Church change welcome, albeit much too late
AS A teacher, it is horrifying to read that a religious order, the Spiritans, which ran some of the country’s most prestigious schools, regularly moved abusers from school to school. Untold and completely preventable suffering ensued.
As someone with a link to the women’s Dominican order, it is terrible to read that up until 2010, the men’s Dominican order still had unacceptably long delays in reporting allegations of crimes to authorities. As a Catholic, it is very depressing to hear a bishop, Dr John Kirby, say that until the 1990s, he thought of an instance of paedophilia as a “friendship that crossed a boundary”.
When you hear these things, including the deeply entrenched culture of secrecy in the Sacred Heart Missionaries, it leaves you feeling nothing has changed.
And yet, when you read the National Board for Safeguarding Children reports, it is clear a shift has occurred. It’s much too late to prevent harm to many young people – and involves a shameful stance from which the Catholic Church will never recover – but it is a change nonetheless. The very existence of the reports proves it.
Few institutions in Ireland invite in independent auditors, and when the report is damning, publish it. Employing a tough Northern Presbyterian, Ian Elliott, whose career has been dedicated to protecting children, and mandating his team to reform an entrenched culture, is a most worthwhile exercise for the church to engage in.
Elliott can only recommend publication of the reports. In spite of the fact they are damaging, they are still being published. If we had more of this in other areas of Irish life, we might not be in the economic and social mess we are in. Publication does not at all excuse disclosed church failings. It is often incomprehensible how allegedly mature leaders could make the decisions they did. And yet, the most repeated sentence in the board’s report on the Diocese of Clonfert is: “[The board] is satisfied with the development of the new policy and procedure manual in January, 2012, that these criteria are now met in full.”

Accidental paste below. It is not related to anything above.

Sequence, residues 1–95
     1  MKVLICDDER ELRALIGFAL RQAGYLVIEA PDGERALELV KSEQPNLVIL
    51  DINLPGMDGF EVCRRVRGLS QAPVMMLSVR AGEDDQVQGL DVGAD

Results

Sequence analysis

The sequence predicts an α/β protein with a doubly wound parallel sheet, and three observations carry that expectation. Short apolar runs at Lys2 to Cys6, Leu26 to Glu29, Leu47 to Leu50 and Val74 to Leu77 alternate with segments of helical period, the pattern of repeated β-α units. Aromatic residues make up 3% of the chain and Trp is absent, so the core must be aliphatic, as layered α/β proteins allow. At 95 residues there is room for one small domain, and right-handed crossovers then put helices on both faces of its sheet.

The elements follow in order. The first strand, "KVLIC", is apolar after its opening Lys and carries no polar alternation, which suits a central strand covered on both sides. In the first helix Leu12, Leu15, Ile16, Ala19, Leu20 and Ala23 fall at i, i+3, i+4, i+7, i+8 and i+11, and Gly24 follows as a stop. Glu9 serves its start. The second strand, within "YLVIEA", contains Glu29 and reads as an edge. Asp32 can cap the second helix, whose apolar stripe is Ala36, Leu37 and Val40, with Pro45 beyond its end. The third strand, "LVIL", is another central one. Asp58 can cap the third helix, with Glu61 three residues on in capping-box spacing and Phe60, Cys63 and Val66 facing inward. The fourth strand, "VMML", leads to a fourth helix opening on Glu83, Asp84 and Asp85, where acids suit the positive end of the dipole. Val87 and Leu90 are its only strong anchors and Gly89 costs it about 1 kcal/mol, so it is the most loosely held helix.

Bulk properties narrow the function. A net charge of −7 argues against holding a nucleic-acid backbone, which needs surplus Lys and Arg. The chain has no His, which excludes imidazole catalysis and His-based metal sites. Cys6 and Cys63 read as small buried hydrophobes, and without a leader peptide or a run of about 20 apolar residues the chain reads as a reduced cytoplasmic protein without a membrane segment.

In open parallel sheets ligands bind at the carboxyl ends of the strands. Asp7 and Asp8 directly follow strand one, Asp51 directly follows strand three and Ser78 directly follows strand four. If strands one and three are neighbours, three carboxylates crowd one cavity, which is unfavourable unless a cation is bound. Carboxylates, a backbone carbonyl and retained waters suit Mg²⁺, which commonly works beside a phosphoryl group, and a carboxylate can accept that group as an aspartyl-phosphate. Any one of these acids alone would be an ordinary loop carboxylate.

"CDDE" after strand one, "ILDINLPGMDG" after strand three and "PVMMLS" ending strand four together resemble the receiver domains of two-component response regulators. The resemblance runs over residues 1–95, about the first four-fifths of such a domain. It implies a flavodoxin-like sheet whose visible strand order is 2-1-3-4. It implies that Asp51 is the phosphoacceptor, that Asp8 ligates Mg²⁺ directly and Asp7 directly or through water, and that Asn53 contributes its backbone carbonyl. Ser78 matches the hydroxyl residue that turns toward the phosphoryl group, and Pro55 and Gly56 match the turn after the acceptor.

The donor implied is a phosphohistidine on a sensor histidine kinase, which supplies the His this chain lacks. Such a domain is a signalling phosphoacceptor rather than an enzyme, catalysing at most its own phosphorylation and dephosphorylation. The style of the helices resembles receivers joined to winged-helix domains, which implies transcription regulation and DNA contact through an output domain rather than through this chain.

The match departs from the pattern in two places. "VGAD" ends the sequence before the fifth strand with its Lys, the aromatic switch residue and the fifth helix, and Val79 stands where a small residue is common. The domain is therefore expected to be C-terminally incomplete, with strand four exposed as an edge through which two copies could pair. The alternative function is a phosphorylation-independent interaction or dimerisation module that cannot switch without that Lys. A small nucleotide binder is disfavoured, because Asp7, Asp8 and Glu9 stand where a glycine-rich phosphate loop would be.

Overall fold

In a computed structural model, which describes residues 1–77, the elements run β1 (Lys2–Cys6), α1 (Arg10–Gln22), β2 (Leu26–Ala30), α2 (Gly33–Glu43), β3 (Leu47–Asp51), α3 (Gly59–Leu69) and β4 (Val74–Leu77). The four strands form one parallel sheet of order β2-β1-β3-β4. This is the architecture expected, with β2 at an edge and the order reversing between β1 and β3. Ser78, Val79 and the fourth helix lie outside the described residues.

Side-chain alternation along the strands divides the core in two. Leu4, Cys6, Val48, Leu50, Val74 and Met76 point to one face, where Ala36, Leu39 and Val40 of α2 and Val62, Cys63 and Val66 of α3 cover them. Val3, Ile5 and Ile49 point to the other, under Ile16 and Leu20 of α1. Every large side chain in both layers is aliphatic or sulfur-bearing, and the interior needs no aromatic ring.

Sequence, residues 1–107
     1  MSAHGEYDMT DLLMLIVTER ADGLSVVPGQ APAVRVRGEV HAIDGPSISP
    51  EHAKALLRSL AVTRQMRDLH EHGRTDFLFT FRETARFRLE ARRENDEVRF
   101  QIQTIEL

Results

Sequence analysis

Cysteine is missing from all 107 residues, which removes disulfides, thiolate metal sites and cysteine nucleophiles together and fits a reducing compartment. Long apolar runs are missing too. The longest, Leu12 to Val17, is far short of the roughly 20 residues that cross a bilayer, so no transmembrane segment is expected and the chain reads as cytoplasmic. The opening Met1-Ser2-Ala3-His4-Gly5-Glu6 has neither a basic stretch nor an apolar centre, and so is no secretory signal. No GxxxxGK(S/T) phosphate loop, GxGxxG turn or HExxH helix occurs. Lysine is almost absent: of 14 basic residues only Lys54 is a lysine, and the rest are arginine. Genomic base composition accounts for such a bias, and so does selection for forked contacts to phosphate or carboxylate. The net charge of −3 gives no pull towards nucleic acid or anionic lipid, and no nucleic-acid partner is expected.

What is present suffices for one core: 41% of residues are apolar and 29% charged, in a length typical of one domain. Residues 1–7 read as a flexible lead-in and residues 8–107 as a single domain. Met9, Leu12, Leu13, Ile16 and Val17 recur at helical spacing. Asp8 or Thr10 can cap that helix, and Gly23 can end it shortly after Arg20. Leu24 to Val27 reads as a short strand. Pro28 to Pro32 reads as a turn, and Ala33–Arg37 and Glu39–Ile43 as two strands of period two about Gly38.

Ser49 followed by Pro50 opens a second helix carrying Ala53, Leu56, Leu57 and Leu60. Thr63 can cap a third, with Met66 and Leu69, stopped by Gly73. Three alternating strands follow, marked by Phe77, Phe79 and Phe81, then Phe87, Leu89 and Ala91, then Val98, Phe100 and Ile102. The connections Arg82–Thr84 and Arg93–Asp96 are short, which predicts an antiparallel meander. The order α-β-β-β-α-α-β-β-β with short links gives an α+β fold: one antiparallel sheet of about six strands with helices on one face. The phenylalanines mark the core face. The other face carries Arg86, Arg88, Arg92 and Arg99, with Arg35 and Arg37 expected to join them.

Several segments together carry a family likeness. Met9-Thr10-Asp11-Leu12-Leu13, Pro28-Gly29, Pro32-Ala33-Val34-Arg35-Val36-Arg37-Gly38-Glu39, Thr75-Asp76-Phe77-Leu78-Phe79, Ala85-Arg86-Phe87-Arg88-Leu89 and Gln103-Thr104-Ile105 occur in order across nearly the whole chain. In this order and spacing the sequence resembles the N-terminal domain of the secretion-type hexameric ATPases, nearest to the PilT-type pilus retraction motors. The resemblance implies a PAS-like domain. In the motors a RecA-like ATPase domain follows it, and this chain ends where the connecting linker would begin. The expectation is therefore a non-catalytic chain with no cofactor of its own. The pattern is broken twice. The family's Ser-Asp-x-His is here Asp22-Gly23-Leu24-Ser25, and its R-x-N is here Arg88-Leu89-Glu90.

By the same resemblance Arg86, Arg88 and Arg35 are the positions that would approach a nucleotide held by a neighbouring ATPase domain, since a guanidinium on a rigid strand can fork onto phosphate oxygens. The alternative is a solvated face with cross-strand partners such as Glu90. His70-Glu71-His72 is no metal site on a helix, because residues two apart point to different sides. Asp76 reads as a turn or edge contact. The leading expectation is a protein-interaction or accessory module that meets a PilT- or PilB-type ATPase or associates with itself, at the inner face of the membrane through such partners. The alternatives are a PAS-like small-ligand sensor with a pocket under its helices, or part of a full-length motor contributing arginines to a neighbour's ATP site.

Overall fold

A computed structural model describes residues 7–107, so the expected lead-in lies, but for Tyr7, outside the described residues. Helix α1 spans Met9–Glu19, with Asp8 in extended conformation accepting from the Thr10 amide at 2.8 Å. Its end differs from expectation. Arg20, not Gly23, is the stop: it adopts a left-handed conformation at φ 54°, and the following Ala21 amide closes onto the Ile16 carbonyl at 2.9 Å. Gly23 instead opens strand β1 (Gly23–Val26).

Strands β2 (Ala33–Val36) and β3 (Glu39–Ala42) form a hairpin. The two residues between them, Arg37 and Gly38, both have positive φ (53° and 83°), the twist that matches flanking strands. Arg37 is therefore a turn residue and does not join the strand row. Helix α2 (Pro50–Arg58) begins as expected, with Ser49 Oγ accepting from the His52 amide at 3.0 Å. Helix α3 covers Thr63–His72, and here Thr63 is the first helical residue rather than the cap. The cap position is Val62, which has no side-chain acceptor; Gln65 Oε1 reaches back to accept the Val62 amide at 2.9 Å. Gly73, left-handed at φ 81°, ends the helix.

The board examines each diocese and religious order for compliance with seven criteria. The sentence about there now being full compliance is found after six of them, and Clonfert was already fully compliant with the seventh.
Late? Yes. Disastrously late? Absolutely. But tangible improvement? Yes.
I am appalled by Dr Kirby’s stated belief about paedophilia. The 1990s are such a short time ago – could anyone really believe paedophilia had anything to do with friendship? And is this grossly naive statement the last word on him? Is all the good he has done in his tiny diocese of 24 parishes, all the good he has done for people in the developing world through Trócaire, to be wiped out by this admission?
I have been struck by the lack of condemnation of the Spiritans, whose practice was far worse than Dr Kirby’s. I hope I am wrong in wondering whether it is the fact the Spiritans educated so many of the great and the good that has muted the response? And what about Bishop Donal Murray? I have long felt a grave injustice was done to him. I have known him at some level since I was 17, when he was one of my lecturers in college, and I know he was one of the main drivers of reform of child safeguarding.
The report on the Diocese of Limerick finds he put in place “robust safeguards and prompt responses to allegations of abuse”. Yet he had to resign for something that occurred when he was an auxiliary bishop in the Archdiocese of Dublin. There, he had little authority to change the culture, but when he had freedom to act in Limerick he instituted one of the best programmes for child safeguarding.
It is a great tragedy that all the facts on sexual abuse of children by clergy did not come out a decade or more ago. The “slow death by many self-inflicted cuts” as described by Patsy McGarry could have been avoided. Yet the process is producing something new – something the State has yet to demonstrate practically.
Perhaps I am too cynical, but what a strange coincidence that the Report of the Independent Child Death Review Group into nearly 200 deaths in the care of the Health Service Executive was published on June 20th, and the Constituency Commission report on redrawing constituency boundaries appeared on June 21st – thus diverting media attention.
More than one victim of child sex abuse has said to me their case merits no public attention, as they were not abused by a cleric or religious. I see how painful that is for victims of sexual abuse not committed by clerics or religious, but also understand it.
It is right that people who claim to live by Christ’s standards should be excoriated when they fail so horribly. But the board’s work, and church people who accept it with humility, should be given due credit for changing the culture, even if painfully slowly.